A Little Chaos (2014) |

April 14th, 2015
Author: Meredith Taylor

Director: Alan Rickman   Writer: Alison Deegan

Cast: Kate Winslet, Matthias Schoenaerts, Stanley Tucci, Hellen McCrory

116min   UK  Drama

A woman’s touch sweeps through the court of Versailles in Alan Rickman’s second feature in which he also stars as a stately Louis XIV. The green fingers in question belong to Madame Sabine De Barra (Kate Winslet) who is hired by an inspirational, André Le Nôtre, to help him add a flourish of herbaceous perennials to the design and landscaping of the formal 17th century Palace.

As Sabine De Barra, Winslet is a breath of fresh air in the stultifying artifice of court life, where acolytes fester under Louis’ strict regime as absolute monarch. In a performance of confident grace and gentle determination, Winslet not only charms the birds from the trees but also the recently bereaved King himself, and they bond during an impromptu a tête à tête in the potager. Matthias Schoenaerts oozes a brooding sensuality, and even sings, as the legendary landscape architect, lashed by the tongue of his vituperative wife, a foxy Helen McCrory.

Alan Rickman shines in a sardonic and thoughtful turn as the King who eventually moves from Paris to Versailles to oversee the completion of the works  (“I felt I shouldn’t get the builders out, unless I moved in”). His sumptuously-crafted tale of intrigue and inventiveness is wittily scripted by newcomer Alison Deegan, who adds a contempo feel to the dialogue, makes this 17th century tale feel fresh and ‘de nos jours’: Molière would be proud. In a sterling cast of British acting talent Jennifer Ehle is luminous as Louis’ mistress, Madame de Montespan, Phyllida Law plays a warm and reassuring courtier, Steven Waddington adds ballast as a hard-landscaper and US actor, Stanley Tucci, adds a touch of class as a flamboyant roué.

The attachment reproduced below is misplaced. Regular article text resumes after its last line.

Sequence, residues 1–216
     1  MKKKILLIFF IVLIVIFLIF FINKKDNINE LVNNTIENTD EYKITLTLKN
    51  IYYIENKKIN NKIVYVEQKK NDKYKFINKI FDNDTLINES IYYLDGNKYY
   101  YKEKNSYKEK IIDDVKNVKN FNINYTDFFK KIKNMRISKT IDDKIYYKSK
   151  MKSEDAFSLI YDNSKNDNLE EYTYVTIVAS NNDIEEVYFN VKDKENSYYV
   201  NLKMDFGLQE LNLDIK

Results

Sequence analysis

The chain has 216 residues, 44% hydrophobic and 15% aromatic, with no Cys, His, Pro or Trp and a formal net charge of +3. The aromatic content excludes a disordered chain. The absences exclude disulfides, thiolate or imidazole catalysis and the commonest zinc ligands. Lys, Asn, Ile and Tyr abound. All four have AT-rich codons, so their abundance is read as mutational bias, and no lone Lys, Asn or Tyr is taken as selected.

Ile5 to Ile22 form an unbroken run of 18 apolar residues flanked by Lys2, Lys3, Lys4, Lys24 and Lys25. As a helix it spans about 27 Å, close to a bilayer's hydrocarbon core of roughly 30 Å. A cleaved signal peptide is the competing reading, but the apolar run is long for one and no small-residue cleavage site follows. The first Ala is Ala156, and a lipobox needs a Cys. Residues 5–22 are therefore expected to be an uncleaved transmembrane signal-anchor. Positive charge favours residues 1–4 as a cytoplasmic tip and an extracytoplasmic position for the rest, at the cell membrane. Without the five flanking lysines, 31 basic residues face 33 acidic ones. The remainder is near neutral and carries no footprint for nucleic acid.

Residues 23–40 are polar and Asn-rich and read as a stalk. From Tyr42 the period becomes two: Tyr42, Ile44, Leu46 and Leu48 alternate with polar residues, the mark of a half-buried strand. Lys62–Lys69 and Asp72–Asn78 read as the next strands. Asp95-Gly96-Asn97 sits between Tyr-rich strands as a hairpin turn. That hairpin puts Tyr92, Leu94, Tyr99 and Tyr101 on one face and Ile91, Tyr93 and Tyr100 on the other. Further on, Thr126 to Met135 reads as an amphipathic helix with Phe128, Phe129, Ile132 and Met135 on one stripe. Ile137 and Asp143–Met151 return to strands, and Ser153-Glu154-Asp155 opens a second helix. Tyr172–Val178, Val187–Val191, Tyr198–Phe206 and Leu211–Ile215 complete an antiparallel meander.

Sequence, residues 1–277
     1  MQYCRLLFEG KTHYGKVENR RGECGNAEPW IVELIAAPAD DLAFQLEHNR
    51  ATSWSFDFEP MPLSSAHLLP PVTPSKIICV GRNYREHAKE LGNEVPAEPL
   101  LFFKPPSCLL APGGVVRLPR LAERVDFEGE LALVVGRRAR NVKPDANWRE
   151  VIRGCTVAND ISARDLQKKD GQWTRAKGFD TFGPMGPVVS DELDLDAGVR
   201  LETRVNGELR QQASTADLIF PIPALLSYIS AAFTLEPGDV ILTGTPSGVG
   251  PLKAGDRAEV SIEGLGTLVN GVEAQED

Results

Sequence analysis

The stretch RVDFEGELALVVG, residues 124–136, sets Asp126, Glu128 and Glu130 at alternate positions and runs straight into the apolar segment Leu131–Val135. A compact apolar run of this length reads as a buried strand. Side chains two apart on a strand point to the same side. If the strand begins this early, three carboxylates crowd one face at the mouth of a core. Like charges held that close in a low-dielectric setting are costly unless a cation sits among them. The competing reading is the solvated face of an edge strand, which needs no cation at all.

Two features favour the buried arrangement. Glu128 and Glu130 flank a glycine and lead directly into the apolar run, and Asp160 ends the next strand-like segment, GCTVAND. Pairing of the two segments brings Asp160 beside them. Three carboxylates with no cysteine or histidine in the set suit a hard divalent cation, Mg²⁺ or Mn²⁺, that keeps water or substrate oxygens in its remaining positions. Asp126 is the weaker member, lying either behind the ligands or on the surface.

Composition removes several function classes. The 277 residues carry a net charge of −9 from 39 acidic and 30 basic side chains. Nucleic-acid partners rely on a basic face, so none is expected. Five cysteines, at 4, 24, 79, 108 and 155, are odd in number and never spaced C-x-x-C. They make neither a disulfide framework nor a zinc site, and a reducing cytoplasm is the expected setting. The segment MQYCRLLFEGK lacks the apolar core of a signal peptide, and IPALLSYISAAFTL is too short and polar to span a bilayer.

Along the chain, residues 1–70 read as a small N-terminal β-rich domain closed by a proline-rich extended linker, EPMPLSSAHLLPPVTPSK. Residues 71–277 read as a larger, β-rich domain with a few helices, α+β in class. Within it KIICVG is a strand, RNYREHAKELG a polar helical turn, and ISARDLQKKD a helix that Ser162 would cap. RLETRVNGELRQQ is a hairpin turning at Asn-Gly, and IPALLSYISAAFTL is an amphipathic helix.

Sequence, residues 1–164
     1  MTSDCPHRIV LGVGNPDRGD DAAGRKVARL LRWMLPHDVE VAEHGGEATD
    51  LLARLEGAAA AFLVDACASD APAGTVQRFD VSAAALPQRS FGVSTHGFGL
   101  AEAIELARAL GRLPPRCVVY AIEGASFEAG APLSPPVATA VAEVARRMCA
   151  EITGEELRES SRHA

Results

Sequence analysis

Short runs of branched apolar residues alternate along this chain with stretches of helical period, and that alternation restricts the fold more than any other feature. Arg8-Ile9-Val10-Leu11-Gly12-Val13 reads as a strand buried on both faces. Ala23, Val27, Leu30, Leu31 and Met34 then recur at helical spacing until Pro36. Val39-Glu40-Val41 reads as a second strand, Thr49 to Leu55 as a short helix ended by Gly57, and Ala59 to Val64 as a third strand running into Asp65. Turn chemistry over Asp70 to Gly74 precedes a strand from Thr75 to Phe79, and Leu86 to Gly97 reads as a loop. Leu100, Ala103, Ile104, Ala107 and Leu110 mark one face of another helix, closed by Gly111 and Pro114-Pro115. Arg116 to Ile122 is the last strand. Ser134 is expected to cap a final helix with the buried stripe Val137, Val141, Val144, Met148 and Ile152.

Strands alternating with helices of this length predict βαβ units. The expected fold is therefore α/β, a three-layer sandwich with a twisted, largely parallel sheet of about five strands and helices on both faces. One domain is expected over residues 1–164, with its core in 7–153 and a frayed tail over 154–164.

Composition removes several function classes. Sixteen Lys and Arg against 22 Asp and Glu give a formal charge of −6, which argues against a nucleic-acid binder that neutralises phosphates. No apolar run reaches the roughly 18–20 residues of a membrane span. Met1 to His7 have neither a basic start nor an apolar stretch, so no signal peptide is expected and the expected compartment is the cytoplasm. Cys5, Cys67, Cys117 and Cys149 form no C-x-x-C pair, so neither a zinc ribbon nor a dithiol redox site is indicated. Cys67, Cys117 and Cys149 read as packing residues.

A subplot concerning Sabine’s family life and the death of her daughter feels slightly superfluous and unconvincing but her onscreen chemistry with Schoenaerts’ Le Nôtre certainly isn’t and, in contrast to the tawdry world he inhabits with his wife at court, their budding romance blossoms naturally and freely in this glorious British production. MT






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